In 2017, the top-selling phone in the world was the iPhone 7 from Apple Inc. (NASDAQ: AAPL), and this small handheld device has had a large impact on culture as well as the economy. Apple has recently unveiled their newest models, the iPhone 8 and X. Customers eagerly await the official launch of the iPhone X, in stores on Nov. 3 with bookings for the device starting Oct. 27, and the demand has sent the company's share price surging. Let us take a look at the economics of making and selling such an influential product.

Impact on Apple's Bottom Line

Apple reported $215.6 billion in revenue and $45.7 billion in net income during fiscal year 2016. The company was down year-over-year, as revenues and net income in 2015 were $233.7 billion and $53.4 billion, respectively. 

Total iPhone sales account for a whopping 63% of all Apple revenue. Apple is one of the most valuable companies in the history of the world, yet nearly two-thirds of its revenue depends on one product line. IPhone sales are historically resilient, partially because Apple makes it difficult for customers to adapt to alternative operating systems.

iPhone Component Pricing: What It Costs to Build

Apple's sourcing model is one of the reasons it generates astronomical profit margins. The company makes very little of its own products. Instead, components and materials are gathered from around the globe and sometimes even from direct competitors, such as Samsung. This significantly lowers capital expenses for Apple, saves the consumer a bit of money and lets shareholders benefit from the difference.

The typical iPhone model sold for $645 in 2016. That number is sure to rise, with the higher priced iPhone 8 and iPhone X. Estimates by IHS Markit — a tech research company — put the building cost of an iPhone 8 Plus at $288.08, not including marketing costs, research and so on. Here's the breakdown:

  • Apps Processor — $27.50
  • Baseband — $33.90
  • RF / PA — $24.60
  • Battery — $4.45
  • BT / WLAN — $7.35
  • Cameras — $32.50
  • Display — $52.50
  • (electro)mechanicals — $50.95
  • Memory — $31.20
  • Power Management — $16.05
  • User Interface  — $11.28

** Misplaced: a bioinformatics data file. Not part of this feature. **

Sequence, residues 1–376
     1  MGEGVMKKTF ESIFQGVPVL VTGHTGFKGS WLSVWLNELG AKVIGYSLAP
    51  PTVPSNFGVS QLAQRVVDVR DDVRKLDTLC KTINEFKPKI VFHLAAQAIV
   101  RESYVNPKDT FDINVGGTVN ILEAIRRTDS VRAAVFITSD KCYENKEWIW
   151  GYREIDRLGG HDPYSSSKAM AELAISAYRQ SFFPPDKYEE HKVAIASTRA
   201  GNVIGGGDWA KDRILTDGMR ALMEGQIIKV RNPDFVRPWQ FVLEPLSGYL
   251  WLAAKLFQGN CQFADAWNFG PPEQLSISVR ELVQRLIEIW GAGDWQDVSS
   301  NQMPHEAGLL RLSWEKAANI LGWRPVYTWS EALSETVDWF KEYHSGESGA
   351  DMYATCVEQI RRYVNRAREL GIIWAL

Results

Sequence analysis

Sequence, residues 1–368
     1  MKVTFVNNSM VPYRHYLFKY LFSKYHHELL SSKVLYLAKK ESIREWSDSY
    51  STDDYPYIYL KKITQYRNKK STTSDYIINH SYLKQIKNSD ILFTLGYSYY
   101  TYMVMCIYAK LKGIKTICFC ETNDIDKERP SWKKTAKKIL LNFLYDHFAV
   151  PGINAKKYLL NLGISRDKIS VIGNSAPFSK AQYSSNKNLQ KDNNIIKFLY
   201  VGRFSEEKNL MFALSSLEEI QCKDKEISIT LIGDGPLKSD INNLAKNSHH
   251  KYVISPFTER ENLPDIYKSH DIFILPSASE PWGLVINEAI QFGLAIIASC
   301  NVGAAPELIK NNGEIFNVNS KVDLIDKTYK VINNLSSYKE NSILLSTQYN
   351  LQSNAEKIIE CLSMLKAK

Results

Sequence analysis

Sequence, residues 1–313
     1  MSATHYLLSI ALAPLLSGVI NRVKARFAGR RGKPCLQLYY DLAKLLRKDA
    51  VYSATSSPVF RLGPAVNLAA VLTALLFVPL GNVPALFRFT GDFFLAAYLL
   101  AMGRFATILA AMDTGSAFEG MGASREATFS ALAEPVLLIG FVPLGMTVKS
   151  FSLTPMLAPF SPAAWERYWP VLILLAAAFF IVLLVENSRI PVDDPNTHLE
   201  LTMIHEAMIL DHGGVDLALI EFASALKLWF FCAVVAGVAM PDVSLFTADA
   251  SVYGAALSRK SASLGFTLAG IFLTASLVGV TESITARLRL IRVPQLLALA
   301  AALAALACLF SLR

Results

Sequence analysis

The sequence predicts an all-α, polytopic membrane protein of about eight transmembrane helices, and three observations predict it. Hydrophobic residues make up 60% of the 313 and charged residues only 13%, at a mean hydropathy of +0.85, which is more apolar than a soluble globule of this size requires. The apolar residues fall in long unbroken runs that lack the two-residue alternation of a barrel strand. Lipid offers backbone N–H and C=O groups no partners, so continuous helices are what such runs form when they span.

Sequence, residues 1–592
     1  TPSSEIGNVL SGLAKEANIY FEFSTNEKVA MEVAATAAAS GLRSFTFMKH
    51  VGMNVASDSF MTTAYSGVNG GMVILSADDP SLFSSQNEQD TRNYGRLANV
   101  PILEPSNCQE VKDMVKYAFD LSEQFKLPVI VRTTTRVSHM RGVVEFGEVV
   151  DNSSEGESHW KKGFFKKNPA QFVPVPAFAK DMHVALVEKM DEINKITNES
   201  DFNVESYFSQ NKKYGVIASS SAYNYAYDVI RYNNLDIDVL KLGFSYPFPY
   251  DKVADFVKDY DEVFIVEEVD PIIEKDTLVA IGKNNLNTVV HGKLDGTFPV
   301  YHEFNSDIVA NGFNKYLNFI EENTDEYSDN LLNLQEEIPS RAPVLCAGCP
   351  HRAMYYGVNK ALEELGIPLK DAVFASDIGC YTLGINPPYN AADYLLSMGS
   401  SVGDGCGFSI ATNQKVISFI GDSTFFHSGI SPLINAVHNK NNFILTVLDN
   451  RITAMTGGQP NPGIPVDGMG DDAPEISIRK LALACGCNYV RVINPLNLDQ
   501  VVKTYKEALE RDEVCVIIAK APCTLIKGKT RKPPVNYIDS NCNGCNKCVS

• Sensors -- $6.65 
  • Box contents (headset, lightning cable etc.)  — $11.80

Economics of iPhone Carriers

The most basic models of the iPhone 8 and iPhone 8 Plus are priced at $699 to $799, and devices with more memory could cross the $900 mark. With this solid price tag, customers could opt for carrier-subsidized deals from companies such as Verizon and AT&T. Installment plans ranging from $20-30 per month are common, and some carriers will give (or lease) customers an extra phone for free, probably because the iPhone X is a few weeks away from stores. 

iPhones and Economic Growth

Around the start of 2015, it was reported that Apple's iPhone 6 sales were responsible for 10% of all U.S. economic growth. Several major outlets reported this in one form or another, including Forbes and The New York Times. (See also: If Apple Were A Country)

The claim featured a 1.9 to 2.5% growth rate for the U.S. economy between 2014 and the first quarter of 2015. Based on pure mathematical estimates of the productive value of all final American products, as well as the revenue generated from iPhone 6 sales, the Apple device was seemingly responsible for 0.25% or 0.3% of the change in the United States' GDP. On the surface, this meant iPhone 6 sales were 10 to 15% of conventional economic growth.

GDP is actually a very rough, overly simplistic and problematic estimate of growth. Moreover, revenue from iPhone sales is not the same as domestic product from iPhone sales, since domestic product tries to capture value added, not just incoming dollars. Even if the statistic is wrong (it probably is), it is still an interesting way to express how huge Apple's sales numbers were.

More recently, Apple took it upon itself to illustrate its effect on the economy and the job market. It claims to have created nearly 2 million jobs across all 50 states, most of which are attributable to the "App Store ecosystem." The company based its claims on research by Dr. Michael Mandel from the Progressive Policy Institute. See the research here.

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